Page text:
We're already seeing it in journalism. A well-respected editor got fired resigned from the times for giving the OK to an op ed by a sitting freaking senator who was making a policy argument (an ugly, awful and stupid argument, but one the president was also making) in the time of crisis. The WaPo published a story about a normal person no one otherwise knew about having one of the most humiliating nights of her life with the expressed purpose of destroying her reputation because they were scared of being called racist by the two women of color who were supposedly traumatized two years before.There have been quite a few others, and there will be more. In all cases those institutions are turning their backs on the very standards and the very values that make them great institutions because they are getting pressure to make "moral clarity" the primary value that drives their editorial decisions. And if you push back against that absolutely frightening notion, you're a racist and should be cancelled and fired. 

I have to cede the point. I don't know anything about journalism. 

3 hours ago, smltwnrckr said:

And on college campuses, there's already a road map to institutionalizing punitive measures and investigatory commissions to punish those deemed as not anti-racist enough. I've witnessed the fall-out from (and even sat through) multiple inquisitions by Title IX investigations against people who did nothing wrong because malevolent or misguided actors leveraged the power of the institution ton punish individuals who said something they didn't like or said something in a way they didn't like. And those weren't even related to accusations of sexual assault, which themselves have been more than a little problematic over the years under those same kinds of investigatory commissions. Multiple campuses have strong calls by student and faculty groups to institute the same sort of system to combat racial injustice or to beef up the systems they do have but which are ineffective because they violate the first amendment (or in private college cases, violate the free speech values of the institution). And you know what? There are organized efforts to push against this very thing on college campuses around the country. Groups like the Leadership Institute which publishes CampusReform and Turning Point USA. I want absolutely nothing to do with those groups because their tactics are ghoulish and immoral and betray the fact that they actually have no coherent policy prescriptions for meaningful reforms.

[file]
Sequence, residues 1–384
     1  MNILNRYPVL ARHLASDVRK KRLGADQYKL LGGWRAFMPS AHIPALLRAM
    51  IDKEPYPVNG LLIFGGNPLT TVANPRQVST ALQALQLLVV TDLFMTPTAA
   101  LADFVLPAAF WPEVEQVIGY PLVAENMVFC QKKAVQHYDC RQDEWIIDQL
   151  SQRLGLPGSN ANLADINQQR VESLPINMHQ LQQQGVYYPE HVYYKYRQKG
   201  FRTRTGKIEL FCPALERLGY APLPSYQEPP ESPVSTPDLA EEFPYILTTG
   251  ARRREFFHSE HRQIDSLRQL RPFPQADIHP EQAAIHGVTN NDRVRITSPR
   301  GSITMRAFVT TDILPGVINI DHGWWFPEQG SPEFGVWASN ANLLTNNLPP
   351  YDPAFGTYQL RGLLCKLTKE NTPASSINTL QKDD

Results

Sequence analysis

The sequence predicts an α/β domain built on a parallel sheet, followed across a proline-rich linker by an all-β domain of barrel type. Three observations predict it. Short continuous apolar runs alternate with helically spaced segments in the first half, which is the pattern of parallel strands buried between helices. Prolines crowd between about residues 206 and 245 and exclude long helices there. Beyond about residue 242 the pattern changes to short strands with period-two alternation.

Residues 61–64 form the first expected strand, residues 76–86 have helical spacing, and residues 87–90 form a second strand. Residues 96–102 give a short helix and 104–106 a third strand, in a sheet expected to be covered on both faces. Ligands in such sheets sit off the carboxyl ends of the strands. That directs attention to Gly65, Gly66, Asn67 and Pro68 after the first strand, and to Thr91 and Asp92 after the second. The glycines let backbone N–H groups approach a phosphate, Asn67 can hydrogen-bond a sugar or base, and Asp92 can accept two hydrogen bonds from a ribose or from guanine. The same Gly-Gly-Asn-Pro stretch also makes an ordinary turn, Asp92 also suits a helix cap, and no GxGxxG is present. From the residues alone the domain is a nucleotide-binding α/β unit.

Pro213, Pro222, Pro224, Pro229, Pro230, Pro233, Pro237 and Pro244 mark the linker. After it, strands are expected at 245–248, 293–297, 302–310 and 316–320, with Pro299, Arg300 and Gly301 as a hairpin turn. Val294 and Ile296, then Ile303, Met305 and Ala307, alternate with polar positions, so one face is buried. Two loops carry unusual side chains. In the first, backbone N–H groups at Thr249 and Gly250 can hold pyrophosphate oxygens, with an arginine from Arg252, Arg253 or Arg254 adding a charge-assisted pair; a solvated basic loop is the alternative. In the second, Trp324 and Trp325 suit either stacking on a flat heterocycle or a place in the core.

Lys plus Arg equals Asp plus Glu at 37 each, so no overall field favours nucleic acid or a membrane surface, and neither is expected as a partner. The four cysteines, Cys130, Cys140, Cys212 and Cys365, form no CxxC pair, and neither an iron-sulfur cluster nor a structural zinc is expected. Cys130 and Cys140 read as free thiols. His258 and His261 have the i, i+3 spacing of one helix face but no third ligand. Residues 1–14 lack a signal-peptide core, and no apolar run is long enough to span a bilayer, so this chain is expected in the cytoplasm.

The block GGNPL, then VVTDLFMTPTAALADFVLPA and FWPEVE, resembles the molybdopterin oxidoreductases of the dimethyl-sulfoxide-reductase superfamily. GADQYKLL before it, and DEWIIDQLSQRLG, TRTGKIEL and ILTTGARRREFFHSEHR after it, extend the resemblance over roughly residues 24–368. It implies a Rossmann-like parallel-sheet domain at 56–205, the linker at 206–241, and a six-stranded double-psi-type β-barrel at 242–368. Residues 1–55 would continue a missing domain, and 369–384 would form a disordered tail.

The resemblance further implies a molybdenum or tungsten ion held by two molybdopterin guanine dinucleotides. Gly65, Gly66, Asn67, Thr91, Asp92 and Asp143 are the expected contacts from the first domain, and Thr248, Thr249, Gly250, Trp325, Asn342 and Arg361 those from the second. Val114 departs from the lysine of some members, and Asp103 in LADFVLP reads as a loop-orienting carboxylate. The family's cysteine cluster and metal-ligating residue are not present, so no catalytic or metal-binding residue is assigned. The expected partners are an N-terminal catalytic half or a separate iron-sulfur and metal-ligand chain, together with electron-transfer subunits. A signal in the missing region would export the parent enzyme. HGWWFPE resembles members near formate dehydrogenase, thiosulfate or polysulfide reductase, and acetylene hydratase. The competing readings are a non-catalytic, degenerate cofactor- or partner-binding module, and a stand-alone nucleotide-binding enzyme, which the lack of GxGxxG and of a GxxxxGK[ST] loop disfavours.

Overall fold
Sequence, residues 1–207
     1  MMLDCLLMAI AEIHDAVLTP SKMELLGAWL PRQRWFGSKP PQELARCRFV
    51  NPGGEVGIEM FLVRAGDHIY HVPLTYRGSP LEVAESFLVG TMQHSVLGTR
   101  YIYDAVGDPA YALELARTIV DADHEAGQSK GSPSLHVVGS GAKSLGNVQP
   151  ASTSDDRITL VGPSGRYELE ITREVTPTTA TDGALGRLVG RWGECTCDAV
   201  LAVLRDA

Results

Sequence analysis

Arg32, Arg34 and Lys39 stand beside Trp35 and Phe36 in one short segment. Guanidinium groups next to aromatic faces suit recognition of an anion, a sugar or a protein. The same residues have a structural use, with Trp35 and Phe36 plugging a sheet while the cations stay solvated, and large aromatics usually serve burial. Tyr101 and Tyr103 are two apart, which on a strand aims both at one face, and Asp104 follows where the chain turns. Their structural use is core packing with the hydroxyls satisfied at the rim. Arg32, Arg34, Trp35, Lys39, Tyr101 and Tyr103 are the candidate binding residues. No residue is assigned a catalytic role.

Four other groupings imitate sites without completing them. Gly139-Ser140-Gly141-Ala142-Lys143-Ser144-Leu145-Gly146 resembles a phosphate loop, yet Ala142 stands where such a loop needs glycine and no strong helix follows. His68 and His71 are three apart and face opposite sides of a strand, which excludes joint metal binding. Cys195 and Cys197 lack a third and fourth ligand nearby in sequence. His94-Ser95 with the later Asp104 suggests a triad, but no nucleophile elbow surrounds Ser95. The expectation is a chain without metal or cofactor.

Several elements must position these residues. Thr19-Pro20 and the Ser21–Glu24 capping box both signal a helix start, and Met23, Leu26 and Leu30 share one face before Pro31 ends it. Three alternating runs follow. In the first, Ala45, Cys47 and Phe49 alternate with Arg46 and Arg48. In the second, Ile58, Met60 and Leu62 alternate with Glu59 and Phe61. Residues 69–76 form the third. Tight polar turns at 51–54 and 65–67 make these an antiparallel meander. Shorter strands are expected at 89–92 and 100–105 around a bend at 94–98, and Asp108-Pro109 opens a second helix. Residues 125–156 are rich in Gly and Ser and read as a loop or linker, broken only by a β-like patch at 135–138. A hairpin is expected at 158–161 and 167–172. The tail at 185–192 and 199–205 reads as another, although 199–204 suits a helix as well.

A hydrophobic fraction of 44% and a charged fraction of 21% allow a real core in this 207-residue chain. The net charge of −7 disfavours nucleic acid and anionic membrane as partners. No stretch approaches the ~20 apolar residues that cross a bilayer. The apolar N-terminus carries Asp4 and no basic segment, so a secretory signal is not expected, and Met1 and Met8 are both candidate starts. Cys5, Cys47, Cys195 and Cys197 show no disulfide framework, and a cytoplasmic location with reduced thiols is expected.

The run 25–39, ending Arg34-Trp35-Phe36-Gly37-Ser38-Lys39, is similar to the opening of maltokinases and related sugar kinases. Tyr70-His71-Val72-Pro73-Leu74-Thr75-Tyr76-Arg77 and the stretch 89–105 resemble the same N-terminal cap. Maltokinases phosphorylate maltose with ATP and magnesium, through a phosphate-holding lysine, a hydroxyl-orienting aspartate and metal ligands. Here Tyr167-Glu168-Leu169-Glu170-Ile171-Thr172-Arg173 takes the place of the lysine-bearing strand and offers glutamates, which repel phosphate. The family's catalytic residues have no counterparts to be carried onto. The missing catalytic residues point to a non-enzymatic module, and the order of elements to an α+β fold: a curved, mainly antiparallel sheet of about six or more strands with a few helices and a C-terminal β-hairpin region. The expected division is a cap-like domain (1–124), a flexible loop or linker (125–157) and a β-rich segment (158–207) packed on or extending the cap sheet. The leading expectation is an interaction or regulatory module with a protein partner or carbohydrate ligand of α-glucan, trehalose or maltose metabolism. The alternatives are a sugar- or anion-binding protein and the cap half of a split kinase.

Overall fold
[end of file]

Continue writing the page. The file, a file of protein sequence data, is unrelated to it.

The biggest free speech event while I was at Gonzaga was that the board allowed the Vagina Monologues to play on campus. The biggest at UW was that Dennis Prager was on campus speaking - paid for by student fees. The response from the UW Democrats was "it's great that we get speakers, maybe we shouldn't pay for them out of student fees". 

I don't know which one of us has a more typical higher end experience. 

3 hours ago, smltwnrckr said:

If you don't see these efforts to quell speech and silence dissent as coming out of the same playbook as the social media tactics, that's fine but I would really like an explanation of how they are different. 

Second, I do take exception to the idea that I have a problem with these things because of my fear or dislike or discomfort with change which is somehow tied to my distaste for gambling as a person with a conservative temperament. Because I don't have a problem with change on its own, or at least I don't want to try to stop it. I regularly make fun of people on here grousing about change, from the death of rock music to having to press two for english, to the digitization of everything, to the legalization of drugs, to the changing economy, to many other things.  I regularly advocate for large scale, sweeping changes to policies that I think would lead to positive change for marginalized communities. Some of the most formative experiences for me in terms of the way I think about change have happened while living and working in communities that are deeply averse to it and that actively work to resist it. Those places tend not to be great places to live. So I kind of resent the idea that I don't have enough self-awareness to honestly think about what's driving me here. Because I think my discomfort over change is not nearly as much of a factor in this as my fear of institutions implementing and acting on policies based on some sort of moral clarity. And I've been on the other side of collateral damage on the latter of the two. 

That's fair and I didn't have the context of the above when I made those comments (you'd alluded to such instances earlier, but given the places and experiences I've had, your worries seemed to be a little chicken little ish). 

A fear of driving moral clarity... yes. I understand that perfectly well. What are a few lives, if the cause is just? What are a thousand?

3 hours ago, smltwnrckr said: